Well here we are, the start of a brand new year, although for many of us the only evident change is the number on the bathroom scales…  Ever the optimist, I wanted to look back at some of the events of last year and see what lessons we can learn as we head bravely into 2021.  So here’s part one of my 20 Lessons from 2020, starting with a game on my home turf, marketing.

1. The first lockdown ads…

I’m feeling almost nostalgic for those early lockdown days, when we passed the long empty evenings playing ‘Spot the Brand’ in the ad break. Whether they’d spent big bucks on drone footage and sincere-looking actors, or got their team to film it themselves – in portrait, on their iPhones – everyone basically ran the same bloody ad. (Apart from the banks, who seemed convinced that we’d enjoy watching their internal Zoom meetings almost as much as our own).  Altogether now! In these uncertain/difficult/unprecedented times. Now we’re apart. We’ve always been here for you.  We’ll get through this together… Bonus points for sombre piano music and every shot of empty streets and stadia.

Should we applaud the agencies and client teams who managed to get something on air in such horrendous and extraordinary circumstances?  Or worry about the lack of original thinking and generic/absent brand purpose it exposed in our industry?

2. Bullshit brand purpose

Talking of brand purpose, there’s no doubt Modelez’s nauseating attempt at redefining marketing as “Humaning” will go straight into the Big Book of Marketing Failures, alongside ‘New Coke’ and the Royal Mail’s attempt to rebrand as Consignia.  Mark Ritson accurately describes this as “purpose wank”, citing it as a salutary lesson in ensuring your purpose is based on the substantive truths of your business. Putting aside that hideous made-up verb, suggesting that junk food can ‘bring you closer’ or tackle the ‘human hunger for connection’ in the midst of a global pandemic is patently untrue and tone deaf beyond belief, particularly for a brand that avoids paying tax and made hundreds of people redundant after explicitly promising not to.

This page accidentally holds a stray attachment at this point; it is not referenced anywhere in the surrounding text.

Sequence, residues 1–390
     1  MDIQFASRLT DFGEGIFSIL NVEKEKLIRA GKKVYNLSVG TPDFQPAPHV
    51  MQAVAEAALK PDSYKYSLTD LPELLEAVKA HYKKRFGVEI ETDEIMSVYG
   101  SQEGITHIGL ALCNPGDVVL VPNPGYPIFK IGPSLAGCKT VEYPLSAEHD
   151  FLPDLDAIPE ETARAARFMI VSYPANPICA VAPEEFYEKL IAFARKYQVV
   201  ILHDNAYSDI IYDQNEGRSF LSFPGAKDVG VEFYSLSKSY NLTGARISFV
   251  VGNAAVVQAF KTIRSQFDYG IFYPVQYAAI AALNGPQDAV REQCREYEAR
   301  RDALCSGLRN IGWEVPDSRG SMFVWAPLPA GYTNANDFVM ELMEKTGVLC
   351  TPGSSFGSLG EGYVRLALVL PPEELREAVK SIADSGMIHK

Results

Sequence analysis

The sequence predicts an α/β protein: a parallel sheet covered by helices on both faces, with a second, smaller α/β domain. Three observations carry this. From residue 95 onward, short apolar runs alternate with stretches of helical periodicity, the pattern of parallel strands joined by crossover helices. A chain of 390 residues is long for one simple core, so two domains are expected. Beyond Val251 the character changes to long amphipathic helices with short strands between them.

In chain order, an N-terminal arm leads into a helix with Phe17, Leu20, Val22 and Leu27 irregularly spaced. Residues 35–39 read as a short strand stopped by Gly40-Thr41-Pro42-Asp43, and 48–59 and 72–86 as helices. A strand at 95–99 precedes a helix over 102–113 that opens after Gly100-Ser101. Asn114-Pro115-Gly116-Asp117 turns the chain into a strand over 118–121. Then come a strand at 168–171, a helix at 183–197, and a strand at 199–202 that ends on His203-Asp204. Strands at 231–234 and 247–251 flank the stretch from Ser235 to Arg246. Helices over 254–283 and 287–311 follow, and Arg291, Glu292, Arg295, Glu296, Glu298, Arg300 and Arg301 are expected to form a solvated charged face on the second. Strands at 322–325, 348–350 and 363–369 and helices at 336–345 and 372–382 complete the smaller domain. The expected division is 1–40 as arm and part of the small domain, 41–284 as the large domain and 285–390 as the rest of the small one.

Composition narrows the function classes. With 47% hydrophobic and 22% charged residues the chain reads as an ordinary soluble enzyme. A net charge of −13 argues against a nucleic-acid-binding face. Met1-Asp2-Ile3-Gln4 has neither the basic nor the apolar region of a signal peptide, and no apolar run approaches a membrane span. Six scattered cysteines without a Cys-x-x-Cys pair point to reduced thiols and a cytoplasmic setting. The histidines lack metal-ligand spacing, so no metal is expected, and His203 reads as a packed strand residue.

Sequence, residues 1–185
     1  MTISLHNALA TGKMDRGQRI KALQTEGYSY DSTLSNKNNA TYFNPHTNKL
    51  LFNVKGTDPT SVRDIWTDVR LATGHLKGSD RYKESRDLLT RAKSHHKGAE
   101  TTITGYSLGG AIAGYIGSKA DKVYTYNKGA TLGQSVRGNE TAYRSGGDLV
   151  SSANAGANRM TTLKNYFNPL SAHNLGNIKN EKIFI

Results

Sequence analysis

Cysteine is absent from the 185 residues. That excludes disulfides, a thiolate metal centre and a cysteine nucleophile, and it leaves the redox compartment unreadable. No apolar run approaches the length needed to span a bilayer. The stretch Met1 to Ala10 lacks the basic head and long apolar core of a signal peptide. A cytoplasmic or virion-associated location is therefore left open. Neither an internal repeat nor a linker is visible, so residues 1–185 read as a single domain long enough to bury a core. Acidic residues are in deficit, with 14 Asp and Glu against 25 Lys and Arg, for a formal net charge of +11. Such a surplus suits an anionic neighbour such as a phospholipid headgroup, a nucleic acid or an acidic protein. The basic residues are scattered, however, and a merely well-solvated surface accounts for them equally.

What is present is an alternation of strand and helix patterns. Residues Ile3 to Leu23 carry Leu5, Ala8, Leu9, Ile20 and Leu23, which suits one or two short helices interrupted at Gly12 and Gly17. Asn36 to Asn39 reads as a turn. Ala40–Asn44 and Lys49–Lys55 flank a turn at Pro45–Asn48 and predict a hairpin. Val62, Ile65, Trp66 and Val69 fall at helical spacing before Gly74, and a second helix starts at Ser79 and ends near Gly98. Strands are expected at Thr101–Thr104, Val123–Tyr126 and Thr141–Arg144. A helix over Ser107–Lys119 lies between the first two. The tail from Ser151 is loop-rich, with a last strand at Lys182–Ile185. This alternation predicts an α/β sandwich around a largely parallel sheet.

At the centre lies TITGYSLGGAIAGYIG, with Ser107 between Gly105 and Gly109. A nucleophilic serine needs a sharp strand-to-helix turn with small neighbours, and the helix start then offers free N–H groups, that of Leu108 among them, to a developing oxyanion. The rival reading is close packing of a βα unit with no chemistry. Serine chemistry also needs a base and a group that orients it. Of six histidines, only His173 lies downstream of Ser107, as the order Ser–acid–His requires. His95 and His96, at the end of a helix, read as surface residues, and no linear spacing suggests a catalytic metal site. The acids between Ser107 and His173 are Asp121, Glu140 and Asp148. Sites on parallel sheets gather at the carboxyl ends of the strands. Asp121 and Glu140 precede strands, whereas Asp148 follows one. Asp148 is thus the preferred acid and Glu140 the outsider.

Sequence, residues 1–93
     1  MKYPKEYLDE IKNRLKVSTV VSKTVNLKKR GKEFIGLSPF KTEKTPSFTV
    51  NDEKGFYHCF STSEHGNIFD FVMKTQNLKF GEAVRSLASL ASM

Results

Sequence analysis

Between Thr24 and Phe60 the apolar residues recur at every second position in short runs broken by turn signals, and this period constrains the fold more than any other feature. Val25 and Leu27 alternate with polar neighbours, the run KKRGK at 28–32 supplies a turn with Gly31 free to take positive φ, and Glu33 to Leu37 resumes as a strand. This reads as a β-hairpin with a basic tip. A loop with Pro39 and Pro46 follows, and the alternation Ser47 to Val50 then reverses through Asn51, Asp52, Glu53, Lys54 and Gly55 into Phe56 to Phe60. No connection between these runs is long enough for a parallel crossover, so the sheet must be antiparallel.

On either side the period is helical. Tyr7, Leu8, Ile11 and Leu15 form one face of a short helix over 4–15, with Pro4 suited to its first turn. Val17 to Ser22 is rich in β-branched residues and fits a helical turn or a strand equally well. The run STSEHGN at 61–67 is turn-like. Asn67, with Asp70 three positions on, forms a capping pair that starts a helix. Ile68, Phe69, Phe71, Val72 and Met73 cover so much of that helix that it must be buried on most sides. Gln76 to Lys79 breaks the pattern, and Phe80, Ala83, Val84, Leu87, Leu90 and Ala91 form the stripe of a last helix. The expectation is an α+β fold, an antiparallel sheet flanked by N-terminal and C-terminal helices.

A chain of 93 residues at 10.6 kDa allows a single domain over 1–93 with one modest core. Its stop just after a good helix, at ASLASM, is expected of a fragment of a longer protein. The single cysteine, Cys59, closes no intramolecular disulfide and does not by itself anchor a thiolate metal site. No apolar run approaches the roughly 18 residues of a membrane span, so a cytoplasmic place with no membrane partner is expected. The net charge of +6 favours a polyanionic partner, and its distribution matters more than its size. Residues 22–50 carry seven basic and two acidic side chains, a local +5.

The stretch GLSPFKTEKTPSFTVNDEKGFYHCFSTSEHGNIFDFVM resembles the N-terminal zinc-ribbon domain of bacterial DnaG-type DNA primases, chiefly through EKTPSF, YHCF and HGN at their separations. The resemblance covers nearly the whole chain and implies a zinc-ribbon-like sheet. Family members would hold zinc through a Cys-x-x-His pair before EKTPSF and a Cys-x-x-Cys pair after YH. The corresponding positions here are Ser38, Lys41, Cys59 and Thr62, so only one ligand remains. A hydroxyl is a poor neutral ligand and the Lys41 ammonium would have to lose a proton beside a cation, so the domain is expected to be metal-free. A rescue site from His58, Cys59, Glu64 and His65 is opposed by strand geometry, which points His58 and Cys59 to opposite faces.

3. Genuine brand purpose

Putting Mondelez to shame were the businesses who demonstrated real principals and did some proper, actual good.  Those that diverted production to make PPE or hand sanitizer, donated surplus stock to foodbanks & local communities and opened their hotel rooms to the homeless. The ones that failed – closing down contact channels, refusing refunds, changing Ts&Cs after the fact – will be remembered as the ones to avoid when life gets back to normal (if they survive, that is). Your brand is your biggest asset, so looking after *all* your stakeholders should be your priority, especially in the most dire circumstances.

4. Clarity of message

If there was ever a time when an organisation needed to land a message and ensure people got behind it, this was it. A literal life or death scenario. But the shambolic Covid communications of the UK government and Boris Johnson in particular has been an appalling failure from the start. From the ever-changing advice (stay home, eat out, stay home again, a Christmas bubble is different to a Support bubble, your local shops are now in a different tier…), to the constantly changing ‘points of proof’, death by powerpoint in the briefings and the unbelievably bad graphics (Wash-Cover-Make?), they have demonstrated exactly why clarity and consistency matter and will definitely be another future ‘how not to’ case study.  And to top it off, they’ve just launched a multi-million pound ad campaign fronted by the very person everyone’s apparently ignoring, and who is on TV every day anyway. Unbelievable.

5. Short-termism

Speaking of Ritson, his recent Top 10 Marketing Moments of the Year also included one of my own obsessions – the need to balance long-term strategy with short-term tactics. Without doubt, 2020 caught many brands with their pants down, and the fleeting nature of digital marketing – and Social Media in particular – means too many brands focus on the latter at the expense of the former. From my time in the hospitality sector it’s what I refer to as ‘never mind the strategy, how many chips did we sell in Wigan last night?’. Focusing on today means you’ll never prepare for next week, let alone 12 months ahead, or ever be ready for what life throws at you. And as any decent marketer knows, brands and reputations are built over time, not overnight

6. The rise of TikTok

The standout platform of 2020, TikTok was initially dismissed as a channel for tweens to show off their dance moves, it’s taken Sarah Cooper from lip-syncing videos to her own Netflix special and made micro celebs of thousands of other very creative people. Despite it’s early claim that it wasn’t an ad platform, it’s clearly a natural home for *appropriate* youth-directed content and should provide a clear example to anyone still labouring under the misplaced belief that repurposing existing content is an appropriate strategy for Social.

So what did we learn?  Brands still need to be built on a fundamental truth. Strategy will always triumph tactics, in every channel. Be clear, be consistent, look after your customers and your community.  In other words, the basics always matter and when the chips are really down (in Wigan or anywhere else), these are the things that sort the winners from the losers.